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Can Mars transit the Sun? Are there any other transits besides Mercury, Venus, and Earth?

Jimmy Planck
Mexico City


ASYSK0719_01
From Earth’s perspective, only Mercury and Venus transit the Sun. This image, taken by the Solar and Heliospheric Observatory November 8, 2006, shows Mercury crossing the face of our star.
SOHO (ESA and NASA)
Planetary transits of the Sun occur when a planet, from the observer’s point of view, crosses the face of the Sun. From Earth, the only planetary transits we can see are Mercury and Venus because their orbits lie closer to the Sun than the orbit of Earth. So, sometimes they cross the face of our star when they lie directly between Earth and the Sun. Thus, from Earth, Mars cannot transit the Sun because its orbit lies outside Earth’s. 

However, the same isn’t true for an observer who is not on Earth. As you indicate, an observer on Mars could see three planets transit the Sun: Mercury, Venus, and Earth. The last transit of Earth from Mars occurred May 11, 1984, and the next will happen November 10, 2084.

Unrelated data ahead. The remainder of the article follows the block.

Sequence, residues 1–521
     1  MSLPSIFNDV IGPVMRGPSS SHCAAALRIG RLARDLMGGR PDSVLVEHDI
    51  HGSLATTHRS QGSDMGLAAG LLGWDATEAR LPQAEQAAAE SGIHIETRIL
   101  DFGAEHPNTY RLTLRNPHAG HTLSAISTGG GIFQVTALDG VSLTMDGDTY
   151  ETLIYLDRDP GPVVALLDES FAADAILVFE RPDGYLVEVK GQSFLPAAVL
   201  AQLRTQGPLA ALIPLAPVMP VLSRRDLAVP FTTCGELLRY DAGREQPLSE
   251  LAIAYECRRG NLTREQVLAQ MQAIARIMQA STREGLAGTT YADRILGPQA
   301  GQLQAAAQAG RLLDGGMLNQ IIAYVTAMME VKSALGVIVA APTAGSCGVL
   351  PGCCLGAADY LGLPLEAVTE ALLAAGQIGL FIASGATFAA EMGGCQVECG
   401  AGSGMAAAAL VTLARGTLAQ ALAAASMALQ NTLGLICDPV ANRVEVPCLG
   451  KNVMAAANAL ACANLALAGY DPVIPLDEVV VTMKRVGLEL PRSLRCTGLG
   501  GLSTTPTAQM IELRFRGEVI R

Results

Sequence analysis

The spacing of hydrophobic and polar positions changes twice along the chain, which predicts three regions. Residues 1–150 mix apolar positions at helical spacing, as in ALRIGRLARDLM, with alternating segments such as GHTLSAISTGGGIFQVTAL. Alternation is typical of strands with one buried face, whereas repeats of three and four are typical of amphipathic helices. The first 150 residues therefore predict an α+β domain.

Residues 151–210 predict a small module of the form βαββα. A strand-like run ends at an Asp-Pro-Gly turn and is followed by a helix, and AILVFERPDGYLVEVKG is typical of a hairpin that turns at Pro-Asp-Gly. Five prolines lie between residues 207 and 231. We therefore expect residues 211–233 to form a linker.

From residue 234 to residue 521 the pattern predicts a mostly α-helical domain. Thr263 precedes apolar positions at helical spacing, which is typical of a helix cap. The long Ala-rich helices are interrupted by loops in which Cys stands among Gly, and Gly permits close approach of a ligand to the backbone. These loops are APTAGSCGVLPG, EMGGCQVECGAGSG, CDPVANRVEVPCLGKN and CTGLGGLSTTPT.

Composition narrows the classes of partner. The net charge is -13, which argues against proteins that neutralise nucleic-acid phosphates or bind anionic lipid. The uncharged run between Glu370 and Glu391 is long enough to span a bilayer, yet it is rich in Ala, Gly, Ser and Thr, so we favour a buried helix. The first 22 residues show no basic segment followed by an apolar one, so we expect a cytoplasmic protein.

From Jupiter, you could see Mars — along with Mercury, Venus, and Earth — transit the Sun, and so on as you move outward through the solar system. Planetary transits completely rely on the observer’s point of view, so future astronauts may one day see Earth, Mars, or other planets transit the Sun.

Alison Klesman
Associate Editor
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